How does your proposed innovation leverage public intervention in catalyzing private SME finance?
The Fund envisages establishing a local currency SME financing window with seed capital of EUR 50 million. These donor funds will allow leveraging additional private capital of up to four times (EUR 200 million). The seed capital for establishing this new financing window under the well-tested and proven EFSE Fund of Fund structure would allow promoting local currency financing as well as financial instruments that are considered more risky (e.g. long-term loans, subscription of SME corporate bonds etc.).
Furthermore, the EFSE Development Facility would initially be funded by another EUR 5 million donated funds in order to finance technical assistance and capacity-building in partner financial institutions for promoting appropriate SME financing products.
The Fund is structured as an umbrella fund and, hence, allows for incorporating specific fund windows as the proposed SME financing facility. Against this background, each fund window can have its development purpose and be individually designed in terms of capital structure and offered services.
EFSE issues various classes of Shares and Notes (A Shares & Notes, B Shares and C Shares), each reflecting a different risk level. C Shares are exclusively reserved for donors. The C Shares bear the first loss. The B Shares will only suffer a net loss to the extent that the C Shares are depleted, being followed by the A Shares and Notes. This waterfall structure allows private capital to invest in emerging markets in Southeast Europe – and potentially new countries - while yielding attractive financial as well as social returns. While funds mobilized from the international capital markets by international finance institutions is mostly found in the mezzanine tranche (B-Shares), private investors are generally invested in the most senior capital tranches, i.e. A-Shares and Notes.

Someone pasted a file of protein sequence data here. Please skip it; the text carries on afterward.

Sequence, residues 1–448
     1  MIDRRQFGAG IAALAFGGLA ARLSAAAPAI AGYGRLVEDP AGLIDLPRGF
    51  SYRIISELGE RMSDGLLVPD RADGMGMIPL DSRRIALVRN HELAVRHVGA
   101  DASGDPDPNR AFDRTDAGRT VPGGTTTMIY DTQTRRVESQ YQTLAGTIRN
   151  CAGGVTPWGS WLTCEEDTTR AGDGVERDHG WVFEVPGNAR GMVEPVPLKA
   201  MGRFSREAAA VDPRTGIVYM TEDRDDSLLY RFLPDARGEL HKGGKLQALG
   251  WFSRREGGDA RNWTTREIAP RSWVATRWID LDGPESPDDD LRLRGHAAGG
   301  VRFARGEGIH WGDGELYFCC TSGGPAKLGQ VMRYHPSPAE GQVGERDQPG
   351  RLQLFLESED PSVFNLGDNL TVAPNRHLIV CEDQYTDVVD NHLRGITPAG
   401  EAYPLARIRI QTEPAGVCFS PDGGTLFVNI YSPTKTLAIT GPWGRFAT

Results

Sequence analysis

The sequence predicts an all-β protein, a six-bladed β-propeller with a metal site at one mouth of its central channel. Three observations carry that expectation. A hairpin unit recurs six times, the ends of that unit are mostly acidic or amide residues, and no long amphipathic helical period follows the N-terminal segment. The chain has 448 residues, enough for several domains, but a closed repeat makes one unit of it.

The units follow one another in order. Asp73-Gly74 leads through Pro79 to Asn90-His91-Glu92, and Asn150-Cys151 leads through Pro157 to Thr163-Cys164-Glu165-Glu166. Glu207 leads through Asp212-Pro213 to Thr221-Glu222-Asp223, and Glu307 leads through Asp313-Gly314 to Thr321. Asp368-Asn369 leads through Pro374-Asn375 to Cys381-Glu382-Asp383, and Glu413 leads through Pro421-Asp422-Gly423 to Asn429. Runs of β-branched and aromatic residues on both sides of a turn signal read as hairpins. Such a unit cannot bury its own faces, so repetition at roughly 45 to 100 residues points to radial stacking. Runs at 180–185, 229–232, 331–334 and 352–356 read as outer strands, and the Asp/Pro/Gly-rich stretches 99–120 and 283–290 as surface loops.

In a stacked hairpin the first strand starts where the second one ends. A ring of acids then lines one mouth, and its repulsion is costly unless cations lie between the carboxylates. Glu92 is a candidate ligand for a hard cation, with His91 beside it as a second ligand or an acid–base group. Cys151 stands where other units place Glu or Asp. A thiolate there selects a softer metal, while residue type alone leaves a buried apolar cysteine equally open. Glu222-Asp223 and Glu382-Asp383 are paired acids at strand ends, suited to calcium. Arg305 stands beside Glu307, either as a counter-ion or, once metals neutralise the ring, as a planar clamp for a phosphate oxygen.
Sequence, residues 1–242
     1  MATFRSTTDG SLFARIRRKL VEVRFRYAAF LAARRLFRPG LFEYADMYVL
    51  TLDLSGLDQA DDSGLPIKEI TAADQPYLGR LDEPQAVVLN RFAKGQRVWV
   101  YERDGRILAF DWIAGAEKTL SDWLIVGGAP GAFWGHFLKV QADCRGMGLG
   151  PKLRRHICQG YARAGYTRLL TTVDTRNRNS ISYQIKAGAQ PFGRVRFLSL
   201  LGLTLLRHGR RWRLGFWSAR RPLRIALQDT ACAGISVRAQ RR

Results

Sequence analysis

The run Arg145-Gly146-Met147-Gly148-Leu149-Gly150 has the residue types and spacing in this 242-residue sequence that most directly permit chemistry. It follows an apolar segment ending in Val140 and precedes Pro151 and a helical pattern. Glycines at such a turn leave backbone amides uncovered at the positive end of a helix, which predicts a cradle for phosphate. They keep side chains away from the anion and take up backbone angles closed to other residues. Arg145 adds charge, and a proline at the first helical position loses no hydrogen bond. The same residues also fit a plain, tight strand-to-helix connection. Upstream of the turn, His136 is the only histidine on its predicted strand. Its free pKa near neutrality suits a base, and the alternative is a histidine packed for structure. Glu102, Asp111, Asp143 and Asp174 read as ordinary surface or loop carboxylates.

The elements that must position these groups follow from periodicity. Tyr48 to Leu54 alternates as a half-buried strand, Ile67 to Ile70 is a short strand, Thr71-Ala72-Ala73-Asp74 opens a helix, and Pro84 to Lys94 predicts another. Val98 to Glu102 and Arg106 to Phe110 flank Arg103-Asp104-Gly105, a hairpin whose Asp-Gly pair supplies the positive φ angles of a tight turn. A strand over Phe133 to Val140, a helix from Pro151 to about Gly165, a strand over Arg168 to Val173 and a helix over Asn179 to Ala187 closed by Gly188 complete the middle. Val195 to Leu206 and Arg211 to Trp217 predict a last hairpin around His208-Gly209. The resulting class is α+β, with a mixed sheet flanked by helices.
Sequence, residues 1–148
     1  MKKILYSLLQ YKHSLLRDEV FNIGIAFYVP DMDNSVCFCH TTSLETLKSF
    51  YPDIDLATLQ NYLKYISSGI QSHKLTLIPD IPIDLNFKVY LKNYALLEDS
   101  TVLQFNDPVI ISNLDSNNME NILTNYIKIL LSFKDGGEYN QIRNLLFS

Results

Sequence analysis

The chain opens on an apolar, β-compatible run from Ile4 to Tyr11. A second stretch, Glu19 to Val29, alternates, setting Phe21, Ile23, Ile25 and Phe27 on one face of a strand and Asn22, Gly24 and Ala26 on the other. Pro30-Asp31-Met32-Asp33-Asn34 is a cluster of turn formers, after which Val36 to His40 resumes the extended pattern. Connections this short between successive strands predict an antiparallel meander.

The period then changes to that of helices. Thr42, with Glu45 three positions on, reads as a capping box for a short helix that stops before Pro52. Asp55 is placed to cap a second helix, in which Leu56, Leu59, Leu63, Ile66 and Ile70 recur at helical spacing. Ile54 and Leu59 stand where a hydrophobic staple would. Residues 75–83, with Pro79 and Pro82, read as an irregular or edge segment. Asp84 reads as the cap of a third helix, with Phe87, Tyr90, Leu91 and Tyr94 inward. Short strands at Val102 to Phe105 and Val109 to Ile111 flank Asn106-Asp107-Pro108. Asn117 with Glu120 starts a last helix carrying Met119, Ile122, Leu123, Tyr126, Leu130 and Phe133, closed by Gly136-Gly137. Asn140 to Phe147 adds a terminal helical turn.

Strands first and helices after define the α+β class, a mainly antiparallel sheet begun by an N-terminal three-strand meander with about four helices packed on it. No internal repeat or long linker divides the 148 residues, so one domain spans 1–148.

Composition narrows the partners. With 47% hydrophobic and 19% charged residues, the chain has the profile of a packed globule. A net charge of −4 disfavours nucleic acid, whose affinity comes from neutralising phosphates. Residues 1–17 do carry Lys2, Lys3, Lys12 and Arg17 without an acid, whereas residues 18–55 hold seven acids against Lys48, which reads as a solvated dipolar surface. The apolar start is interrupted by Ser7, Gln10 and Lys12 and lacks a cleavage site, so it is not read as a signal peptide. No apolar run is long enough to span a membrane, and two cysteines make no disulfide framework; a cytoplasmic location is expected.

In the current EFSE structure, the leverage factor is seven, i.e. out of each EUR of public funding a total amount of EUR seven can be mobilized for development purposes. Regarding the proposed SME financing window, we suggest adjusting the leverage factor to four in order to cater for the considerably higher risks of local currency financing together with the innovative financial instruments to be offered (long-term loans, equity, quasi-equity etc.). However, the Fund strives hard to largely mitigate the currency risks by using hedging instruments provided by TCX and other innovative structures.
Due to this innovative approach, EFSE has been able to attract a significant number of reputable private investors. Out of the close to 30 investors, the majority are private investors. Against this success of the existing Fund, we expect that also the new SME financing window within the Fund will attract private capital.
The Advisory Group, comprised of 13 governors/representatives of central banks in the target region, is an informal consultative body of the Fund. It provides the fund management team with strategic guidance and strong linkages to local markets, which is particularly relevant for the proposed solution of local currency lending to SMEs.
In 2009, the Albanian government became the first public shareholder from the EFSE target region. This is particularly critical for promoting local currency lending as the donated capital from local governments should ideally be provided in local currency. Promising discussions in this perspective are under way with another local government, with the objective to attract private capital from the diaspora communities in a second stage.